The dangers of the many misguided stereotypes about Black people are most dangerous when someone in power subscribes to them.

On Tuesday, Republican Gov. Matt Bevin visited Nativity Academy at St. Boniface, a Louisville, KY middle school that is 86 percent Black and only 1 percent white according to education nonprofit GreatSchools.org. Before entering, Gov. Bevin recorded a brief introduction for his Twitter followers.

In a promotional video he tweeted, Gov. Matt Bevin said the club was “not something you necessarily would have thought of when you think of this section of town.”

“I’m about to go in and meet the members of the West Louisville Chess Club,” he explained. “Not necessarily something you would’ve thought of when you think of this section of town.”

The video quickly drew blowback from some community leaders and members who described the governor’s comments as tone-deaf.

His misconceptions come as no surprise, as Bevin has sided with issues negatively affecting minority communities, such as the repeal of the Affordable Care Act, lowering the minimum wage and the Blue Lives Matter law.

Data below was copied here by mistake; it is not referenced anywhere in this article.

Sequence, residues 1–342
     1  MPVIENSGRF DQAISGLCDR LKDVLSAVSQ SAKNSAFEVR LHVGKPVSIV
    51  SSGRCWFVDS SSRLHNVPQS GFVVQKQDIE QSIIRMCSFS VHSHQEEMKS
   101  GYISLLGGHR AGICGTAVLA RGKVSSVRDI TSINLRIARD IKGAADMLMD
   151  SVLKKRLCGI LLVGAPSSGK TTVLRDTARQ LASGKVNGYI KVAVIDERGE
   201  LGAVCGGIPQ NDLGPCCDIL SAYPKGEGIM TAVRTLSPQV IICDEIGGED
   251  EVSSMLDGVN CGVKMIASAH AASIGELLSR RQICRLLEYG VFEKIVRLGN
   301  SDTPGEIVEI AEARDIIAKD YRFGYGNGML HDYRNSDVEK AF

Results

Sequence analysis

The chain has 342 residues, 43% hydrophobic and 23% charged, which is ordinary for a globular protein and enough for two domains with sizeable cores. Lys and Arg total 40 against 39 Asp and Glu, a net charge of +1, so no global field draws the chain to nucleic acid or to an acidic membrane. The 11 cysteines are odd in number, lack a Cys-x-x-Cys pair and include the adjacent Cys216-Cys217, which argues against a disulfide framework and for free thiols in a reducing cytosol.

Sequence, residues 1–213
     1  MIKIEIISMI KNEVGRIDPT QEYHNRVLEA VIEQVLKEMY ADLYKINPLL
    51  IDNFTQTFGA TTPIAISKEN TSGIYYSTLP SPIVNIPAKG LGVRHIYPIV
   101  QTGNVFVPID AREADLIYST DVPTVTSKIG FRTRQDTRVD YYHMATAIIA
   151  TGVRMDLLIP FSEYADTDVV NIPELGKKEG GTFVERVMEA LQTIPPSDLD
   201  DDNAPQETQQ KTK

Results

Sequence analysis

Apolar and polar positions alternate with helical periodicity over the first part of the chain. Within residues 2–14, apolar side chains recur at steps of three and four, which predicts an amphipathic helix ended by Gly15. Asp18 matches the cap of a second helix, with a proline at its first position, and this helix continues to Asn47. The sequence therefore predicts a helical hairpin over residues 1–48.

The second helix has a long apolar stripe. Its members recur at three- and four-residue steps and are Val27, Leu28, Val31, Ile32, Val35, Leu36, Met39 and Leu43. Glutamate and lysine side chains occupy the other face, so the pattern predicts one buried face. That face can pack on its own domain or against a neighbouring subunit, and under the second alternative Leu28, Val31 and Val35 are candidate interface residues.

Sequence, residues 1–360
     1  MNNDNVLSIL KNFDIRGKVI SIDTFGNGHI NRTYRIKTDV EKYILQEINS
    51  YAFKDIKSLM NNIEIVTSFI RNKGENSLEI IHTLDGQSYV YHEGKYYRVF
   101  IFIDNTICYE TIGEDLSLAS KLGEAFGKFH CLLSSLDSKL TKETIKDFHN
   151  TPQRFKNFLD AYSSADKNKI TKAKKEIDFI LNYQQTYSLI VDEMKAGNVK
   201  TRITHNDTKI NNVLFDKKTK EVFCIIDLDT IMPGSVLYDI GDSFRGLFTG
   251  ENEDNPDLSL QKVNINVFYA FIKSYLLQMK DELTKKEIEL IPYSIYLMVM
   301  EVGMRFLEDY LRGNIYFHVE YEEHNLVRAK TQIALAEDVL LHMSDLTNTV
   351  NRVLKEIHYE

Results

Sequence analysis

Elizabeth Kuhn, the governor’s spokeswoman, said in a statement to ABC News that Bevin met with the chess club to “showcase an important program that is encouraging sportsmanship and character building among Kentucky’s youth.”

“It is disappointing that some are trying to shift the focus away from the incredible accomplishments of these talented kids,” Kuhn added.

While the Governor’s intent might have been good, words have meanings. In 2018, Bevin might want to look up and read about the many definitions that define Black Excellence.